of two bromine atoms in the molecule. The UV spectrum of 5 showed analogous absorptions (2max 277 nm) to those of lipopurealins (2 ~ 4)9, implying the presence of a common chromophore. The molecular formula of purealidin A (5) was determined to be C17HzzNsO3Br2 by high resolution FABMS (m/z 517.0241, M + H, A + 4.3 nm). This composition corresponds to the amine Part that is commonly present in purealin (1) and lipopurealins (2 ~ 4), in which acyl groups are connected to the amino group on C-1 to construct the amide bond. In the ~H NMR of 5 in DMSO-d 6 six signals disappeared on addition of D20 and they were ascribed to NH's or OH's. The two-dimensional ~H-1H COSY spectrum of 5 revealed the proton connectivities from NH2 on C-1 (6 7.83, 2H br s, exchangeable) to three methylene unit [H2-1 (6 3.06, 2H m), H2-2 (6 2.02, 2H m), and Hz-3 (6 3.98, 2H t)]. The COSY spectrum also showed that the aromatic protons [H-6 and 6' (6 7.45, 2H s)] were coupled to benzyl protons ( H 2 - 8 : 6 3.75, 2Hs) and the NH-10 (6 8.15, 1H t, exchangeable) was connected to two methylene units [H2-11 (6 3.36, 2Hdt) and H2-12 (62.59, 2H t)]. Both of the two exchangeable broad singlets (NH-14 and NH-13) resonating in the fairly low field (6 12.16 and 11.77) were coupled to H-14 (6 6.57), suggesting the presence of imidazole ring. The 13C N M R of 5 exhibited six s p 3 methylenes, among which one bore oxygen atom (3 70.40) and two bore nitrog_ens (6 37.28 and 36.46), two sp 2 methines, and seven sp 2 quarternary carbons. The

Research Articles

two signals at 6 117.14 (s) and 132.88 (d) were quite tall and were attributed to two carbons, due to the symmetrical benzene ring. These 1H and 13C NMR data described above were fully consistent with the structure of each amine part of 1 ~ 4. The detailed interpretation of these N M R data enabled complete assignment of the ~H and ~3C N M R signals for 5, which was supported by comparison with the N M R data for purealin (1)s and lipopurealins (2 ~ 4)9, thus establishing the structure of purealidin A to be 5. Purealidin A (5) showed weak inhibitory activity (22 % inhibition at 10 -4 M) on Na,K-ATPase, but had no effect on myosin K,EDTA-ATPase. These results suggest that the acyl part of purealin (1), lacking in 5, is important for activation of those ATPases. Purealidin A (5) exhibited some cytotoxicity against L1210 murine leukemia cells in vitro with the ICs0 value of 1.1 pg/ml. Acknowledgment. We thank Mr Z. Nagahama for his help with collection of the sponge. * Author for correspondence and reprint requests. 1 Roll, D. M., Chang, C. W J., Scheuer, P. J., Gray, G. A., Shoolery, J. N., Matsumoto, G. K., Van Duyne, G. D., and Clardy, J., J. Am. chem. Soc. 107 (1985) 2916. 2 Litaudon, M., and Guyot, M., Tetrahedron Lett. 27 (1986) 4455. 3 Arabshahi, L., and Schmitz, E J., J. org. Chem. 52 (1987) 3584. 4 QuifioA, E., and Crews P., Tetrahedron Lett. 28 (1987) 3229. 5 Rodriguez, A. D., Akee, R. K., and Scheuer, P. J., Tetrahedron Lett. 28 (1987) 4989. 6 Morris, S. A., and Andersen, R. J., Can. J. Chem. 67 (1989) 677. 7 Gunasekera, M., and Gunasekera, S. P., J. nat. Prod. 52 (1989) 753. 8 Nakamura, H., Wu, H., Kobayashi, J., Nakamura, Y., Ohizumi, Y., and Hirata, Y., Tetrahedron Lett. 26 (1985) 4517. 9 Wu, H., Nakamura, H., Kobayashi, J., Ohizumi, Y., and Hirata, Y., Experientia 42 (1986) 855. 10 Takido, J., Nakamura, H., Kobayashi, J., Ohizumi, Y., Ebisawa, K., and Nonomura, Y., J. biol. Chem. 261 (1986) 13 861. 11 Nakamura, Y., Kobayashi, M., Nakamura, H., Wu, H., Kobayashi, J., and Ohizumi, Y., Eur. J. Biochem. 167 (1987) 1. 12 Takido, J., Ohizumi, Y., Nakamura, H., Kobayashi, J., Ebisawa, K., and Nonomura, Y., Eur. J. Pharmac. 142 (1987) 189. 13 Takido, J., Nakamura, H., Kobayashi, J., and Ohizumi, Y., Biochim. biophys. Acta 912 (1987) 404. 14 Kobayashi, J., Ishibashi, M., W/ilchli, M. R., Nakamura, H., Hirata, Y., Sasaki, T., and Ohizumi, Y., J. Am. chem. Soc. 110 (1988) 490. 15 Kobayashi, J., Cheng, I-F., W/ilchli, M. R., Nakamura, H., Hirata, Y., Sasaki, T., and Ohizumi, Y., J. org. Chem. 53 (1988) 1800. 16 Kobayashi, J., Murayama, T., Ohizumi, Y., Sasaki, T., Ohta, T., and Nozoe, S., Tetrahedron Lett. 30 (1989) 4833. 17 Kobayashi, J., Ishibashi, M., Murayama, T., Takamatsu, M., Iwamura, M., Ohizumi, Y., and Sasaki, T., J. org. Chem. 55 (1990) 3421. 18 5: Colorless amorphous solids; UV (MeOH) 2m,X277 nm (e 520); IR (film) 3400, 1680, 1540, 1435, 1200, and 1140 cm-1; 1H NMR (DMSO-d6) 6 12.16 (1H, br s; NH-14), 12.03 (IH, s; NOH-9), 11.77 (IH, br s; NH-13), 8.15 (1H, t, J = 6 Hz; NH-10), 7.83 (2H, br s; NH2-1 ), 7.45 (2H, s; H-6,6'), 6.57 (1H, s; H-14), 3.98 (2H, t, J = 6 Hz; H2-3), 3.75 (2H, s; H2-8 ), 3.36 (2H, dt, J = 6 Hz; H2-11), 3.06 (2H, m; H2-1), 2.59 (2H, t, J = 6 Hz; H2-12), and 2.02 (2H, m; H2-2); 1HJH COSY correlations (H/H): NH2-1/H2-1, H2-1/H2-2, H2-2/H2-3, H-6,6'/H 28, NH-10/H2-11, H2-11/H2-12, H-14/NH-13, and H-14/NH-14; 13C NMR (DMSO-d6) di 163.10 s (C-10), 150.86 s (C-9), 150.46 s (C4), 146.93 s (C-15), 136.44 s (C-7), 132.88 d (C-6,6'), 124.30 s (C-13), 117.14 s (C-5,5'), t09.22 d (C-14), 70.40 t (C-3), 37.28 t (C-11), 36.46 t (C-1), 27.90 t (C-2), 27.69 t (C-8), and 24.37 t (C-12); FABMS (positive ion, glycerol matrix) m/z 559, 557, 555 [ca. 1:2:1, (M + K)+], 521,519, 517 [ca. 1:2:1, (M + H)+], 505, 503,501 [ca. 1:2:1, (M + HNH2)+], 441, and 439 [ca. 1:1, (M-Br)+]; HRFABMS (positive) found m/z 517.0241, calcd for C17Hz303N~Br2 (M + H) 517.0198. 0014-4754/91/030299-0251.50 + 0.20/0 9 Birkh~iuser Verlag Basel, 1991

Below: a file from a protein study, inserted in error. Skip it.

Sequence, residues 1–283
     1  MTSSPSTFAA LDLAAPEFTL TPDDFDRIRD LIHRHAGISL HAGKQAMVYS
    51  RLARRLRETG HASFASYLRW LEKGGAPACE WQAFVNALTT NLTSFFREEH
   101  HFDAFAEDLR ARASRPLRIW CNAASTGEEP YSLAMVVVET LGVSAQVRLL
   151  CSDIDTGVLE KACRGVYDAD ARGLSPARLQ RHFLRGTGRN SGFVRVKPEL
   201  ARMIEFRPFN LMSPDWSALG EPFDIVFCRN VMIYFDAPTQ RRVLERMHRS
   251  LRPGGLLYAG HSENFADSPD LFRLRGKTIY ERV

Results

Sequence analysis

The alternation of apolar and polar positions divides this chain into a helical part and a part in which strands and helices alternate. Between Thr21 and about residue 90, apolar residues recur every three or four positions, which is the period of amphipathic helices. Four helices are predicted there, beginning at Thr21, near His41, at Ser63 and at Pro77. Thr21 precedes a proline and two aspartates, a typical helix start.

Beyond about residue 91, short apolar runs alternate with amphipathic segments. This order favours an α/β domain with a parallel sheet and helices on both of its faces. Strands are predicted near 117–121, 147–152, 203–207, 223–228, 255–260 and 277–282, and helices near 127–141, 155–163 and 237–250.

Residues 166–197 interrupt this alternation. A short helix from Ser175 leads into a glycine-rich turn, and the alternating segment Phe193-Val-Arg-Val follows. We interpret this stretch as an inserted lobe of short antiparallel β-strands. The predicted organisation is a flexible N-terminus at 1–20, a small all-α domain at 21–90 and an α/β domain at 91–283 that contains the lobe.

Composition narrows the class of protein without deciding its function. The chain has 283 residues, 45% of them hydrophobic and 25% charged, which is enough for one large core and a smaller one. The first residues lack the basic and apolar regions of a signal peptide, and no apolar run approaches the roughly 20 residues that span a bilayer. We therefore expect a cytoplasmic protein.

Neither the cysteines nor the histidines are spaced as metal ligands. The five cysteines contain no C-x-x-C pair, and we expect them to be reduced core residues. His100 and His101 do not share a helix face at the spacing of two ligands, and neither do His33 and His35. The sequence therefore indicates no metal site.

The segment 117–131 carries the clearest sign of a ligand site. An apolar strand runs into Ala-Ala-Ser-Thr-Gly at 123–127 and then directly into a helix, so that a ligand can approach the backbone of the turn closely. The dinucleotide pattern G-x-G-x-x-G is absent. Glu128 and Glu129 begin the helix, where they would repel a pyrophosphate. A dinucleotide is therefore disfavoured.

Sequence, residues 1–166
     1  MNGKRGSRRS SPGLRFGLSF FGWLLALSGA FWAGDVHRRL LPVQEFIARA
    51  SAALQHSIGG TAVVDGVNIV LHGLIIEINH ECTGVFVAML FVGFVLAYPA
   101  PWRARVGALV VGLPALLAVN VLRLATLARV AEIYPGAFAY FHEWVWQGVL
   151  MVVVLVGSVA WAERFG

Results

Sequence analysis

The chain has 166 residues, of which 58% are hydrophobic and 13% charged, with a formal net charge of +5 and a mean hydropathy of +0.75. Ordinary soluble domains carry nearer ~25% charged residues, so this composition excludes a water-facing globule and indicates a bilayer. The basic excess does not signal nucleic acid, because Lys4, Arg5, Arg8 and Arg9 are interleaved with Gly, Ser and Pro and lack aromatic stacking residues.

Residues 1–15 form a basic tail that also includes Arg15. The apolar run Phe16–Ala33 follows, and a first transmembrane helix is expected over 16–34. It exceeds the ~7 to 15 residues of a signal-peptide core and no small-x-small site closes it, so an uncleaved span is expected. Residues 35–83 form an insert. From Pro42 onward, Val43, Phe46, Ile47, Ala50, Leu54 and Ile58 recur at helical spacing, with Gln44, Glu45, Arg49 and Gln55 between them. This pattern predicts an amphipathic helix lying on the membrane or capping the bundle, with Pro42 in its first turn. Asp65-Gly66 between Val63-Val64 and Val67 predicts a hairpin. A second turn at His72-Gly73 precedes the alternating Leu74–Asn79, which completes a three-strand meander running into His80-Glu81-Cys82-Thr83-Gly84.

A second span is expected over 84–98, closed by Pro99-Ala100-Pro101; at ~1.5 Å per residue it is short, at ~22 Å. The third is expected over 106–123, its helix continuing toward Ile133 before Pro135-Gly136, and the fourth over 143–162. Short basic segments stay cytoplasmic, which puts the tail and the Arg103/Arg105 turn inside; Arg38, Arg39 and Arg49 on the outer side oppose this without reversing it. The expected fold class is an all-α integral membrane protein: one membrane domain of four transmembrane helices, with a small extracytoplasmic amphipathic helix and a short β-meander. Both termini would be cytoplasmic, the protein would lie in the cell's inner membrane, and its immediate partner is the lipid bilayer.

Purealidin A, a new cytotoxic bromotyrosine-derived alkaloid from the Okinawan marine sponge Psammaplysilla purea.

Research Articles Experientia 47 (1991), Birkh~iuser Verlag, CH-4010 Basel/Switzerland employ of secretion has been claimed for the carabid Pterosti...